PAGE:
The only thing harder than photographing dark foods (like chocolate) and making it look nice is photographing a chocolate brownie in a aluminum tray like this :) Hopefully, you get the idea what the Shabtai Gourmet Gluten-Free Brownie looks like.

It's hard to go wrong with a dense chocolate brownie recipe like this. I am always into chocolate brownies, and this chewier, denser type is usually a favorite of mine. But, I must say, once again I have advise Shabtai to work on their formula - I'd increase the cocoa percentage (drop the potato starch down as an offset) and give this gluten-free brownie more chocolate flavor (something I consider rather important in a chocolate brownie). As it is now, the flavor is just "OK". I didn't mind it, and it has a somewhat typical commercial brownie taste and good chewy texture and is decent for gluten-free foods, but it could certainly be improved upon.

I guess it depends what the goal of this product is. If the goal is to be middle of the road, somewhat generic, commercial baked-goods brownie, it meets the objective. If the goal is to really stand out, it can use some work. Either way, it's OK now and I'm sure many would find it enjoyable, especially for a pre-made gluten-free dessert.


These cookies, called Gluten-Free Meltaway Crumbs, were actually pretty good. I'd give them a 7/10 rating, which is quite respectable for commercial cookies. They have a nice crunchy, solid feel with good overall texture on the palate, with a decent flavor combination with a noticeable and enjoyable presence of chocolate, pecans, and cinnamon.

Once again, these are marketed as gluten-free desserts which are also lactose-free, cassein-free, soy-free, and dairy-free. I think these cookies are good enough that if you put them out on a cookie tray at a party for the general public, they wouldn't have any reason to suspect they were gluten-free cookies. Instead, they'd assume you purchased them at your local grocery store's bakery or such. With the only common allergens remaining being nuts and eggs, this cookie should be a good option for many.


The gluten-free lady fingers (4 ounce box) - also lactose-free, casein-free, and soy-free - consist of just potato starch, sugar, eggs, natural flavor, and salt. They have a definite lemon flavor, and are super-light crispy things, much like what you may expect from a meringue cookie.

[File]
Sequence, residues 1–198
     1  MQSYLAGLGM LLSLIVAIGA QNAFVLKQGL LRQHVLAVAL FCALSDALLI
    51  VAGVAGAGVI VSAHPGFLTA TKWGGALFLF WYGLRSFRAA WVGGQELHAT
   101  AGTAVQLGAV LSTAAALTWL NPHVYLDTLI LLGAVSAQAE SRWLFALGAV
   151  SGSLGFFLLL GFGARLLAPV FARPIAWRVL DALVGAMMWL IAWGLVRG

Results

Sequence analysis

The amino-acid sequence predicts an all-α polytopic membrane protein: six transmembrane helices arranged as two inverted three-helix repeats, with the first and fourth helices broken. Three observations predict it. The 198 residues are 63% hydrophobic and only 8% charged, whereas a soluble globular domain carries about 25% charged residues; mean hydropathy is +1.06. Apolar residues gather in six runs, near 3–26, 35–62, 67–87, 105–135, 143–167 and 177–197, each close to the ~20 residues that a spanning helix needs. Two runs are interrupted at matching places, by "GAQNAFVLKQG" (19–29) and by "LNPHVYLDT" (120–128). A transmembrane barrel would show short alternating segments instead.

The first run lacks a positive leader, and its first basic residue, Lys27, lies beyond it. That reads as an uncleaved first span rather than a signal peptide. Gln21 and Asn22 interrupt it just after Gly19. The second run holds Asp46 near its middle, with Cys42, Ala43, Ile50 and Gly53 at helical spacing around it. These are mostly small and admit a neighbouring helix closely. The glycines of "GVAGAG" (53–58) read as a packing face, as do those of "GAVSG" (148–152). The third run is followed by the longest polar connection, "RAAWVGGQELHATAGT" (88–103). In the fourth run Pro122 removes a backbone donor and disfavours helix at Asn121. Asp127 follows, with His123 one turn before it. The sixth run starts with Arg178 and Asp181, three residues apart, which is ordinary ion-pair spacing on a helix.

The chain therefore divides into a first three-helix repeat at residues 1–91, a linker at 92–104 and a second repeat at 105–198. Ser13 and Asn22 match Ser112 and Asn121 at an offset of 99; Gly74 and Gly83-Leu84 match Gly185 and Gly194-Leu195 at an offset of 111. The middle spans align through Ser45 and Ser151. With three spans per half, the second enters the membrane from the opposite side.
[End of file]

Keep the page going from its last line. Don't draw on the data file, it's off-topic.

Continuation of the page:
They will crumble into powder. There's just not much there for consistency beyond a light, crispy thing. I don't have much to compare these too, and they just aren't my kind of cookie. The flavor is fine (lemon), but it's not something I would normally eat. Maybe they are meant to be used to create some sort of layered-creations from. Either way, they were just "OK" for me.

Conclusion; and, Shabtai Gourmet Contact Information
In general, I feel you can certainly bake better gluten-free desserts yourself than you can purchase pre-made from Shatai Gourmet. But, I can also appreciate the fact that it is not always possible to allocate the time you need to do gluten-free baking yourself, and that a pre-made gluten-free dessert option may be all you can fit into your life.

If you like the taste of commercial / mainstream products like Hostess (brand) cakes, and perhaps a Keebler (brand) chocolate-chip cookie, or similar things, I think the Shabtai / Cinderella Sweet brand gluten-free desserts will most likely be a hit with you.

Their products are not something I would directly compare to homemade cakes and cookies, regardless of whether I was comparing gluten-free products or "regular" wheat/gluten-containing products to homemade. I think they fill a niche, and they will do fine in the market as such. Their products will probably be a hit with children - especially any kids that have been recently diagnosed with Coeliac / Celiac Disease and have had to give up snacks like Ho-Ho's.

CONTACTING THEM: When I spoke to them, they did not yet have a dedicated web-site, but instead provide the following contact information if you'd like to find out more about pricing, ordering, shipping, product-availability, and so on:

Email Address: glutenfreebakery [at] gmail.com
OR
ShabtaiGourmet [at] yahoo.com
Phone: (516) 374-7976 or toll-free at 1-800-SHABTAI
Address: 874 Lakeside Drive, Woodmere, NY 11598

Saturday, December 22, 2007

Gluten-Free Sale: Envirokidz Cereals - super cheap!


Talk about an extreme bargain on gluten-free cereal, I just ran into one of the best deals ever. I found this three-pack of Envirokidz gluten-free cereal which includes their Gorrilla Munch, Panda Puffs, and Koala Crisp (that I would respectively compare to mainstream brands of Original Cap'n Crunch, Captain Crunch Peanut-Butter, and Cocoa Pebbles respectively).

The pack contained three full-size / normal-size boxes of Envirokids gluten-free cereal (e.g., the Koalo Crisp cereal box was 11.5 ounce size), and you perhaps will not believe the price: $2.99! YES, $2.99 for all three boxes! Where did I find it? BJ's Wholesale Club of all places. We were walking around the store picking up some items for our holiday baking, and there in the middle of an aisle was a big pile of these multi-packs. At first I didn't pay much attention, until I saw the sign over them which said $2.99. I though, "surely that can't be for the three pack", but I quickly confirmed it upon checkout.